With the opening of the Elizabeth line with 10 new stations, a new era of the London Underground begins in design and modern technology.
But an icon of London is the classic Tube's Roundel, Font, and Map which are an instant visually to the London Underground, but when did they first come into existence, and how long have they been used?
As a brand history goes, it's defined, structured, and truly shows the strength of branding and vision.
1915, the Underground’s publicity manager, commissioned the calligrapher Edward Johnston to design a company typeface. By 1917 the proportions of the roundel had been reworked to suit the new lettering and incorporate the Underground logotype. The solid red disc became a circle, and the new symbol was registered as a trademark.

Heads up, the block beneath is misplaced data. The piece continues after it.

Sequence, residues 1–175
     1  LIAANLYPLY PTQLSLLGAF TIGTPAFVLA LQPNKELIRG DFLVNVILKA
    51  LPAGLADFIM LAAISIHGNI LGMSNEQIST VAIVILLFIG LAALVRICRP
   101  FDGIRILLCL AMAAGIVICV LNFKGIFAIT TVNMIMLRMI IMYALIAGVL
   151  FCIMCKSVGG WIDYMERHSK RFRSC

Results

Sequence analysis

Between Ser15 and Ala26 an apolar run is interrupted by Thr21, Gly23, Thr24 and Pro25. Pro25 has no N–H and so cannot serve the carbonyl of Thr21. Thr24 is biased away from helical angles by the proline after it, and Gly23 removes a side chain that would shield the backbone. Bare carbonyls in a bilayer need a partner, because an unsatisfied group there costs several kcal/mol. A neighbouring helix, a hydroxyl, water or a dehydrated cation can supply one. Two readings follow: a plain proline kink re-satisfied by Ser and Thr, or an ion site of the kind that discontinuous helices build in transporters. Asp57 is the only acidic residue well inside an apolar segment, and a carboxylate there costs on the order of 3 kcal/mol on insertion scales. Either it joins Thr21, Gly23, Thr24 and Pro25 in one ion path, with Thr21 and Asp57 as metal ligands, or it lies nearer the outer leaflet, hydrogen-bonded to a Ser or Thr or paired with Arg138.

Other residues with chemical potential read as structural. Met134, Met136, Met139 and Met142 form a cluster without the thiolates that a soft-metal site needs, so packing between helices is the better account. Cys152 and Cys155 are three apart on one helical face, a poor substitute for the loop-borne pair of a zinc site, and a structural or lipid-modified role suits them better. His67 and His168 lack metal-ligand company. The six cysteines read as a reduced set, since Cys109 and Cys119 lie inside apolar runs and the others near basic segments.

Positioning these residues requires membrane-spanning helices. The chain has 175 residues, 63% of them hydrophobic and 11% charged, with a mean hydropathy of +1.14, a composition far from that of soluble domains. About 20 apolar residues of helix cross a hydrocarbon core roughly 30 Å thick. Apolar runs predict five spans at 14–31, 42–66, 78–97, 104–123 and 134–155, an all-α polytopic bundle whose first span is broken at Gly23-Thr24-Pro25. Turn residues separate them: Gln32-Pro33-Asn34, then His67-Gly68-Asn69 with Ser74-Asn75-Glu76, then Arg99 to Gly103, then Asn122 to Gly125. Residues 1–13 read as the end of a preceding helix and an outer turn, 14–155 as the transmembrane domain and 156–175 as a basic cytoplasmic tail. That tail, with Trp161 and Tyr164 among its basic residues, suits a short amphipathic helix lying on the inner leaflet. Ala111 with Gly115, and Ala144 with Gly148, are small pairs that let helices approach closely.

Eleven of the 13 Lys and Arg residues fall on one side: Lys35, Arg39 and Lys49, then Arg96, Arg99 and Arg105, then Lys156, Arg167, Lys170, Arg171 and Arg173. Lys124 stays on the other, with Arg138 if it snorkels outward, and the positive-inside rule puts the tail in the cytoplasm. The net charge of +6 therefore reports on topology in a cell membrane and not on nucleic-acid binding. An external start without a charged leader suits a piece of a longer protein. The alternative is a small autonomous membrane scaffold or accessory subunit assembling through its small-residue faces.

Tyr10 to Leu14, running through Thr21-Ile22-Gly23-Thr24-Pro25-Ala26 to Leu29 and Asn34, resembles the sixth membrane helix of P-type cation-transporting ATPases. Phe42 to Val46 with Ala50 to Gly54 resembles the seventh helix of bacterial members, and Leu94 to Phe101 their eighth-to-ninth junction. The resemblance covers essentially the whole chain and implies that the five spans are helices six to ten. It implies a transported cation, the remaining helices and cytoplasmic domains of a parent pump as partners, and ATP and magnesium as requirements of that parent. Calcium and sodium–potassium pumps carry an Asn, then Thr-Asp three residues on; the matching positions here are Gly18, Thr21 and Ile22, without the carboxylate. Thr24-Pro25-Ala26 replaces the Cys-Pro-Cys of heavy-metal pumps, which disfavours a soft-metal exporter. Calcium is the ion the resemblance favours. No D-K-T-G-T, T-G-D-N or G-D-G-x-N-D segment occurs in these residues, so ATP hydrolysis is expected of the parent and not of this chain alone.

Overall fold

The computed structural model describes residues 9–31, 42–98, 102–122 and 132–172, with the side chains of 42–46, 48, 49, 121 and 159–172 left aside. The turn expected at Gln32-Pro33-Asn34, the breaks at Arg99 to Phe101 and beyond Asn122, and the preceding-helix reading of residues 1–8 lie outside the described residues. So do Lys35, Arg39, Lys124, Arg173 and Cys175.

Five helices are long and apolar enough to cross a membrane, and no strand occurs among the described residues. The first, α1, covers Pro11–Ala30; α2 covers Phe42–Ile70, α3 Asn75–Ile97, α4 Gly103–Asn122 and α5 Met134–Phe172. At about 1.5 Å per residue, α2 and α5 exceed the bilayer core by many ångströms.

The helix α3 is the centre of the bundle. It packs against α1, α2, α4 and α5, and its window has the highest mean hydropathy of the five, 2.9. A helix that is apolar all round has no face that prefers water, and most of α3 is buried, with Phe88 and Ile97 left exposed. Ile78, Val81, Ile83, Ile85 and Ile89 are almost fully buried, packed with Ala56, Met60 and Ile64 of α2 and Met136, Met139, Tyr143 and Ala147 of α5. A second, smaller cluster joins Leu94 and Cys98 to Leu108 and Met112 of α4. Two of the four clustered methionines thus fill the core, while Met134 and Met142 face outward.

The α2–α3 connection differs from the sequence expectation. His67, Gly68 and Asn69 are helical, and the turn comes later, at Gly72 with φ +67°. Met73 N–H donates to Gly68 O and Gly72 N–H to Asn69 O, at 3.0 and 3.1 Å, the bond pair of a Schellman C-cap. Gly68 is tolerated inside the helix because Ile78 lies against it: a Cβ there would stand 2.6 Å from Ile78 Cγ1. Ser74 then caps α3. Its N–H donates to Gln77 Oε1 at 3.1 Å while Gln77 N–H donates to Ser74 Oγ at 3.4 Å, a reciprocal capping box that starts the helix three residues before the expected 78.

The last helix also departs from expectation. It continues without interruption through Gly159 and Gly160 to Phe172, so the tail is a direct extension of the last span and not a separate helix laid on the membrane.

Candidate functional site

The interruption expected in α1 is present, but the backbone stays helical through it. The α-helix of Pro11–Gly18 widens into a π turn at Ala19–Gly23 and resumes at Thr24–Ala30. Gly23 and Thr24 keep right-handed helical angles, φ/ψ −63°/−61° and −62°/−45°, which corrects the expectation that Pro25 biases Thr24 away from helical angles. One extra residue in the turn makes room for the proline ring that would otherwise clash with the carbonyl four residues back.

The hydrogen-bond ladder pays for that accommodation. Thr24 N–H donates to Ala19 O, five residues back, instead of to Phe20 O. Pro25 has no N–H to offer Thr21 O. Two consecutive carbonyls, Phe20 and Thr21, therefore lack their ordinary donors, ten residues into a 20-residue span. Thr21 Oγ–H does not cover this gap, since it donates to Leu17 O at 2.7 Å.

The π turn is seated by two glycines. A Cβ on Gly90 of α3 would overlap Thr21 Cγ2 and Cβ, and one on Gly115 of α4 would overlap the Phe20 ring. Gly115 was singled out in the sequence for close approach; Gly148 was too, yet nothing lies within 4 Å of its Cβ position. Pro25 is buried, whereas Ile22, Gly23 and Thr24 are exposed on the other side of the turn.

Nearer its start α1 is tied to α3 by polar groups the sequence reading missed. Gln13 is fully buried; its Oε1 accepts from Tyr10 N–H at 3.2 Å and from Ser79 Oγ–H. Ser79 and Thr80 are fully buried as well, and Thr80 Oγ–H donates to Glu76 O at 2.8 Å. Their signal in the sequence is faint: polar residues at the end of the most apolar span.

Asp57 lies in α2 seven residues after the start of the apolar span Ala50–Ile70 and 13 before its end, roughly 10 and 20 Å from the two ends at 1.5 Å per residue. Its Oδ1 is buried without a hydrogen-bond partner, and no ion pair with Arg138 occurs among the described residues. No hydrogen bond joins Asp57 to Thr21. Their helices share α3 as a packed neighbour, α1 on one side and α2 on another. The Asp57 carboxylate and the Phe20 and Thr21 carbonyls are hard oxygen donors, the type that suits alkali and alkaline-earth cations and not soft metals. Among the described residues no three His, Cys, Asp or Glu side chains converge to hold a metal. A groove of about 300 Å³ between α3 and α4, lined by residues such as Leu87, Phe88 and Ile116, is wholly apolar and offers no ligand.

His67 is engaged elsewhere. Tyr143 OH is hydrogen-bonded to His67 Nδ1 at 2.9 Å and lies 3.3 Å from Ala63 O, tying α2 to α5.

By 1919 a standardised roundel symbol was being used on publicity. It began to appear on station exteriors and platform nameboards from the early 1920s.
In the 1920s, Johnston introduced exact guidelines for the reproduction of the roundel. The proportions of the bullseye, as he called it, were re-designed to incorporate the standardised company typeface.
Between 1920 and 1933, Johnston designed a variation of the roundel for each operating division of the Underground Group. This provided a unified identity for both rail and road services.
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